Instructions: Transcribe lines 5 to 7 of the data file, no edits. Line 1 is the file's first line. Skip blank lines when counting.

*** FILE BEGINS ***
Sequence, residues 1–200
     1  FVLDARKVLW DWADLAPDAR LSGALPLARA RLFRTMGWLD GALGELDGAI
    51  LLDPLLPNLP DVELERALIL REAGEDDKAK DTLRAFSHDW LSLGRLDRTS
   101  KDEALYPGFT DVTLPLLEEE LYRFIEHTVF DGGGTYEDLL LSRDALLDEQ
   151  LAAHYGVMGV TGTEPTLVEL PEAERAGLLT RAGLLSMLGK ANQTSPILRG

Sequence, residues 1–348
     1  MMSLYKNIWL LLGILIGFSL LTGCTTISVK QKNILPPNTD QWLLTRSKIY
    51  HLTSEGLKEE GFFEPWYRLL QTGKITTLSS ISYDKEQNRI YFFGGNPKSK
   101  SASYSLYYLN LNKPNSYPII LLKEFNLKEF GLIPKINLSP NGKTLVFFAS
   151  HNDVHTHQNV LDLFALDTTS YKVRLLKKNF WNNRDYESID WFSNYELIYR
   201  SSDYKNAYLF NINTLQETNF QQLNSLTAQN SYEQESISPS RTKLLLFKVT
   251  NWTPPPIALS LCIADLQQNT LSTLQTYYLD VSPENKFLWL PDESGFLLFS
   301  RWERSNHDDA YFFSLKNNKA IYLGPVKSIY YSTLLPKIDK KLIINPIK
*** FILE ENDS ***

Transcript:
   151  LAAHYGVMGV TGTEPTLVEL PEAERAGLLT RAGLLSMLGK ANQTSPILRG

Sequence, residues 1–348
     1  MMSLYKNIWL LLGILIGFSL LTGCTTISVK QKNILPPNTD QWLLTRSKIY